• How many companies systematically test their e-learning products?
  • Do they have test cases in place? Do they know what to test for?
  • Does a testing group exist which does both White Box and Black Box testing?
  • How many companies have a systematic evaluation process?
  • Do they make attempts to talk to clients and check how helpful the e-learning product is?
  • Are Instructional Designers informed of the evaluation results?

I am not very sure about the answers for these questions.

Developing an e-learning course is similar to building a complex software application. Intense testing needs to be done at every stage right from Analysis to Design to Development and Implementation. Post delivery of the course evaluation needs to be done.

In big companies soon after storyboarding, the storyboard undergoes an Instructional Design review where the reviewer essentially checks for th quality and overall effectiveness of the course content and presentation.

Next the storyboard goes for an Edit review where language correctness is checked. After these two reviews the course is digitized.

Now how rigorously this digitized course is tested and evaluated is a big question mark.Tight deadlines is also a major constraint for effective testing and evaluation.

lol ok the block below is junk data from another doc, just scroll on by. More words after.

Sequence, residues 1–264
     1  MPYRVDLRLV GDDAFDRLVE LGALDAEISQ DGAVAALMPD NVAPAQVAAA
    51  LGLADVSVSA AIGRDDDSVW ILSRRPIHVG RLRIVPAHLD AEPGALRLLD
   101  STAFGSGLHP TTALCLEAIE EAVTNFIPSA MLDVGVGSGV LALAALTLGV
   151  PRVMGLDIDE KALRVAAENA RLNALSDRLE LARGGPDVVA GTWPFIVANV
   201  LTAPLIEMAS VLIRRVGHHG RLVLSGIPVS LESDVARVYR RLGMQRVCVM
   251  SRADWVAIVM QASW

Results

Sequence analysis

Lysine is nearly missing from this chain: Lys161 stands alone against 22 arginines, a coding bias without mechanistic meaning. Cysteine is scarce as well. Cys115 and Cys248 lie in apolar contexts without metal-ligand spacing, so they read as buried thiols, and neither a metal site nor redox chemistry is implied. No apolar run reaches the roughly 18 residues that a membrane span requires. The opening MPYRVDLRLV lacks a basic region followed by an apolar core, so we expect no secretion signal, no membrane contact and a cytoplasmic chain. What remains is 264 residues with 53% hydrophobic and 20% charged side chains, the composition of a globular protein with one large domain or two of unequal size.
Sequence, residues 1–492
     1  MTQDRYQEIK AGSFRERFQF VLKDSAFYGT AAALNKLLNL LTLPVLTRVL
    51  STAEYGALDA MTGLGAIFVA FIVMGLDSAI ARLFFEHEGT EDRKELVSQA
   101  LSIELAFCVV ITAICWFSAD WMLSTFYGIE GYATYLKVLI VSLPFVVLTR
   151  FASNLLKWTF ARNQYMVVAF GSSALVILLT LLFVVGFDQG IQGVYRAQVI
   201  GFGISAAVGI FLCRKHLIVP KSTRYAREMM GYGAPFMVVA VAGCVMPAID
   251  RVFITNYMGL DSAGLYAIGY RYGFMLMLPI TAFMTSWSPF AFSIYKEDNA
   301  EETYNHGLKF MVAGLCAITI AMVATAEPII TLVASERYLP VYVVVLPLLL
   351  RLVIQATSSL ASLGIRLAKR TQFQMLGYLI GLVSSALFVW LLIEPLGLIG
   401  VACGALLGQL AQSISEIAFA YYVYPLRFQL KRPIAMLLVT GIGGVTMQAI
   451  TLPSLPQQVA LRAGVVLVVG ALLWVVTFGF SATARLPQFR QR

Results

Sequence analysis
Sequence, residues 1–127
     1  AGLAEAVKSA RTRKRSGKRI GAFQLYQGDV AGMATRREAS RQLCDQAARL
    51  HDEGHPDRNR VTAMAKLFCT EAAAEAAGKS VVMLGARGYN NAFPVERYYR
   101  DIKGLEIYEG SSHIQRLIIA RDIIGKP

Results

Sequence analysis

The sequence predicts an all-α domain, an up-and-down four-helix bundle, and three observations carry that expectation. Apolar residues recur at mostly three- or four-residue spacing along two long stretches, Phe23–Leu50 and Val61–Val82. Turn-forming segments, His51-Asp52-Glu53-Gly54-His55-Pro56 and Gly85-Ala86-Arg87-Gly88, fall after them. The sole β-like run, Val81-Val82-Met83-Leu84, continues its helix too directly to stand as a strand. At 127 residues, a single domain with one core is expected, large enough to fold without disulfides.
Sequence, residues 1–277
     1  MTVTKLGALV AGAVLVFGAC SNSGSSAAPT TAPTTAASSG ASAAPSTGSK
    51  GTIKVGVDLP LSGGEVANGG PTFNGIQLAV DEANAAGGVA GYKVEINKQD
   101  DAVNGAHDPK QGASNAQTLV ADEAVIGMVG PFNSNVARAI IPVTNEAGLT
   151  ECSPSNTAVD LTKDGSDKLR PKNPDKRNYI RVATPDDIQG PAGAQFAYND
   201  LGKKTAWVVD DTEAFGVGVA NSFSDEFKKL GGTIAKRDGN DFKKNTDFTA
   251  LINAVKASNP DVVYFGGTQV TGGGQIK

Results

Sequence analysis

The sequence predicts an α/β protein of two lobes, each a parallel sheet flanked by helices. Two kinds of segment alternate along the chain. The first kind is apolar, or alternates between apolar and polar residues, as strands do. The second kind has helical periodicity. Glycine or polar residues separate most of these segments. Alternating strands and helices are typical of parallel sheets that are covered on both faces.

Usually Instructional Designers are expected to do the testing. The work pressure is so much that Instructional Designers most often do a quick testing. So any bug in the course is discovered after course delivery.

When graphic designers digitize the course, they simply paste the content and add visual elements. So there are high chances that mistakes might happen.

Coming to evaluation, does the e-learning development team evaluate the e-learning product before it goes out? I am not sure of the answer for this too.

  • After the course is developed and digitized, does a team spend time analyzing the e-learning product to check if the course is really effective and worth delivering to the client?
  • Does the team check if the course is bug-free in the sense does the course have no language , functionality or usability issues?

Please note that I am raising these questions so that you guys can provide some factual information. Please share how testing and evaluation works in your company? Are you satisfied with the processes in place? How would you like to improve the process?

Just type in your thoughts now!